Label, material and container suppliers also use a lot of vision systems and image-based identification readers. Suppliers of preprinted labels, injection-molded bottles, flexible films and carton board containers use vision to eliminate misprints and mix-ups that can result in FDA-mandated recalls. Packaging materials including on-serts and inserts often are furnished pre-printed with bar codes and characters that must be verified.
Label-converting companies use vision- and image-based identification readers to ensure code quality and data integrity on their serialized labels as shown in the image. Companies that provide coding and marking systems often include vision/identification in their pharmaceutical solutions. With the appropriate lighting, vision systems can see specialty marks such as covert bar codes that are printed in ultra-violet and infrared inks. Companies that develop specialty containers for pharmaceuticals also use vision/ identification in the production/quality control process.
Some limitations of vision systems and image-based identification readers that can hamper accuracy/efficiency on the pharmaceuticals production line include poor read rates resulting from print quality and variations in marking methods and materials; e.g., the most important way to rank bar-code reader performance is by its read rate. Read rate is the number of bar codes read divided by the number attempted. It is usually expressed as a percentage, and the closer to 100 percent, the better.
To quantify the cost impact of read rates, it is important to understand what happens when a bar-code scanner cannot “read” a bar code. When a “no read” condition occurs, items must be diverted to a station where an operator can manually key in the information or replace the defective bar code with a new one and resend the package through the system. This type of failed condition results in increased labor costs and reduced efficiency of automated equipment. Calculating the exact financial implication requires consideration of actual line speed, through-put and the cost of labor or rework for a given application.
Another limitation for vision systems is that manufacturers often mark their products with strings that represent factory, date and lot codes to ensure greater security and product traceability. These strings can become distorted during the printing or manufacturing process, and even if they may remain legible to the operator, the distortions can challenge optical character verification/optical character recognition system capability.
Future of pharmaceutical inspection
The most typical trend that vision-system and identification-reader suppliers see is pressure for faster/smarter/smaller products every year. Imaging companies continue to incorporate better and faster processors into vision systems, sensors and identification readers to bring more of what traditionally has been a PC-level vision tool capability down into the vision sensor platform. There also is a demand for greater camera resolution and a broad range of camera variations to meet specific application requirements.
The In-Sight Micro 1400 with PatMax checks labels on up to 40,000 cartons per hour at Artur Theis GmbH & Co. KG of Wuppertal, Germany.
More powerful processors: About six years ago, we ported PatMax – the geometric pattern-recognition algorithm from our core PC vision product – down to the In-Sight smart-camera vision systems because the digital signal processors had become powerful enough to run it at production speeds. That trend is starting to accelerate. Today, all kinds of calibration techniques are possible; flexible flaw detection algorithms are available for vision systems, too. That is PC-level vision inspection and an exciting trend because a very high performance algorithm can come down to a price point that makes it more accessible and attractive for more and more users.
Color vision systems: Several color smart-camera vision systems are available, and there are more entry-level color choices than ever. Making the leap from an entry-level price point to color is significant: The depth of color vision tools empowers customers. New color vision systems are “entry level” in terms of price only. They are not color vision sensors with only one tool, but highly capable smart-camera systems with all the same vision tools of their monochrome counterparts, plus specialized color vision tools.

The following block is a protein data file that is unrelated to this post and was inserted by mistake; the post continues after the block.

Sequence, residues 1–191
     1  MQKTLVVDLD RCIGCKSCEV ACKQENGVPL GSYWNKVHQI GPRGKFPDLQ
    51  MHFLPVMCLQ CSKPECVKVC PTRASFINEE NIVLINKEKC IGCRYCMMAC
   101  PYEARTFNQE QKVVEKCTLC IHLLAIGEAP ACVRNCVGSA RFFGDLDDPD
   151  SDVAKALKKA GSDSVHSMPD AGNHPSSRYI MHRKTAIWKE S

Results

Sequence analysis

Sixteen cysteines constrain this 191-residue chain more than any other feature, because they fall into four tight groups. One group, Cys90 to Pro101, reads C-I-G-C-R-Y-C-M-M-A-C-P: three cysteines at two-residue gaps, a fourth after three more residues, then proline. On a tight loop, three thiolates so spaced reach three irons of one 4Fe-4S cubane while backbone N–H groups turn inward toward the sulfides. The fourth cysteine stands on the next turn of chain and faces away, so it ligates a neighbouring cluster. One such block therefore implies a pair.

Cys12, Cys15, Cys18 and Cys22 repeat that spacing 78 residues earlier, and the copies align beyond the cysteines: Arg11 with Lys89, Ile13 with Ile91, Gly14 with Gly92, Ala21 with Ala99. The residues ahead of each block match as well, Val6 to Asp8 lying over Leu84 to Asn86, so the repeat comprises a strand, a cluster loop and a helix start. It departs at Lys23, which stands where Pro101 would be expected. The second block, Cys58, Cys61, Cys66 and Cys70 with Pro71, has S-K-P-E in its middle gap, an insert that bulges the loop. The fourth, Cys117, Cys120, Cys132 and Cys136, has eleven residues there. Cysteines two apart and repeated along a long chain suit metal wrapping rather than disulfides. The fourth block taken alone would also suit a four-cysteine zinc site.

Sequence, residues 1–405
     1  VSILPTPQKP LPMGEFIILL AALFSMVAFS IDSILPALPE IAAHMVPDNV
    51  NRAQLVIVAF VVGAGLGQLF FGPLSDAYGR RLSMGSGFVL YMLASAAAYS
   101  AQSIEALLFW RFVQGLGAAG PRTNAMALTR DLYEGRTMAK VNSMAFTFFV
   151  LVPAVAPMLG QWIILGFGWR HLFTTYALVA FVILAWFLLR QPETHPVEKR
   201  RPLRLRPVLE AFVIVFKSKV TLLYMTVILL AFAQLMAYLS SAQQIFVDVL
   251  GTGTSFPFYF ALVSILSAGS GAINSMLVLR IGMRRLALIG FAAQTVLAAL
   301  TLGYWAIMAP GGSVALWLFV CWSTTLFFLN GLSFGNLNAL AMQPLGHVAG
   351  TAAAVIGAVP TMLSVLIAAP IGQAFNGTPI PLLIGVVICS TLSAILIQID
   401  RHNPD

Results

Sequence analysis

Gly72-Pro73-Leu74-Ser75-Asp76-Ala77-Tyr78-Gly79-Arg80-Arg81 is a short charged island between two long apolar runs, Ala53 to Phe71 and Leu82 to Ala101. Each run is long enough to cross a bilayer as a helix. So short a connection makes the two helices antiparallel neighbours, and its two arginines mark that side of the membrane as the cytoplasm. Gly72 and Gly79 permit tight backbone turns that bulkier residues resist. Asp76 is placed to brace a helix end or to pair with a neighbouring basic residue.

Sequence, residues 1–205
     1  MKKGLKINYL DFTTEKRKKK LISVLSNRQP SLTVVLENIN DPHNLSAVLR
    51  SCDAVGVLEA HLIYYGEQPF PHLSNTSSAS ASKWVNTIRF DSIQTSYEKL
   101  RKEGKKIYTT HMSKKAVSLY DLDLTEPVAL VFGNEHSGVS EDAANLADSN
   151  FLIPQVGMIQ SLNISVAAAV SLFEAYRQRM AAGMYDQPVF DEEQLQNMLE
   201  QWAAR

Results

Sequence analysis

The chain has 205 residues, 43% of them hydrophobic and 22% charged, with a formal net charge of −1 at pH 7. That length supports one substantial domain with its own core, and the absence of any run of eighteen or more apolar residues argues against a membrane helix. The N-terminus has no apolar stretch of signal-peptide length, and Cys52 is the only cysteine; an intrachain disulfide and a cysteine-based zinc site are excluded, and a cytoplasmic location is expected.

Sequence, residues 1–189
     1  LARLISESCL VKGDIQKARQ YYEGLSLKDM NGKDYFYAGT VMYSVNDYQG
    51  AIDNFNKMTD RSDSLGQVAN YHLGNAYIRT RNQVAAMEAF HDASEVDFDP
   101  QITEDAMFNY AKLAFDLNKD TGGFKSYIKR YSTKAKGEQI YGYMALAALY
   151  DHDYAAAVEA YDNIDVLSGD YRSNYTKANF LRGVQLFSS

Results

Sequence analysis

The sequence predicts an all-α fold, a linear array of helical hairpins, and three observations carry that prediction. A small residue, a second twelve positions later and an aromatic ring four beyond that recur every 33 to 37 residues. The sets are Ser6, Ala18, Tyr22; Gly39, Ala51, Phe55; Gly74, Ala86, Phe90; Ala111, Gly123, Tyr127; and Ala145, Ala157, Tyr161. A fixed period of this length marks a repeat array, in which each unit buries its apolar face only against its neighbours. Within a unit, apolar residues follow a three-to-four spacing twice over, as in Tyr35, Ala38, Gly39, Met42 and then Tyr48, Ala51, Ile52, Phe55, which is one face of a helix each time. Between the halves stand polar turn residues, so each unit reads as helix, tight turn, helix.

Higher resolution: When we went from having the 1024 x 768-pixel In-Sight to introducing the 1600 x 1200 and then the 2448 x 2048, we saw that many customers immediately made use of the additional pixels. In fact, high resolution is growing. After some success with entry-level vision products, many customers want to tackle more challenging inspections, and higher resolution allows them to do that.
Simple operation: With the In-Sight Explorer, product changes are performed in only a few minutes.
Ease of use: Improving on this is something on which all vision-system and sensor suppliers will continue to focus. That and entry-level pricing are key to attracting new customers and opening up new applications. The number one deterrent to people picking up vision is the learning curve. The more that drops, the more the cost of deployment drops – and new customers and applications can grow.
Connectivity: Vision and identification companies can no longer be about just vision and identification. Rather, they must become automation companies that make vision products – and connectivity is a big piece of that. For example, In-Sight now supports Modbus/TCP, Ethernet/IP and PROFINET communications. When you are part of the control environment, connectivity, ease of use and the time it takes to get a system connected and communicating to other devices are important considerations for users and vendors.
Meet the author
John Lewis is market development manager at Cognex Corp. in Natick, Mass.; email: firstname.lastname@example.org.
Vision systems for inspection have to perform many important quality control functions, including:
• Confirming package/product match, lowering the risk of a recall.
• Reducing scrap by detecting wrong or mislabeled products early in the production process.
• Checking for torn or missing labels, which is critical to the packaging process.
• Reading 1-D and 2-D codes, enabling products to be tracked and traced through the manufacturing process.
• Verifying label printing integrity, to ensure a positive brand image on store shelves.
• Detecting damaged products that result from operations such as cartoning.
• Checking date code presence, ensuring that an ink-jet printer is functioning properly.
• Performing date/lot code optical character recognition and optical character verification, verifying that product information is correctly printed and that labels are placed onto the right products.
• Checking for roundness, for enhanced brand image.
• Gauging, without a telecentric lens.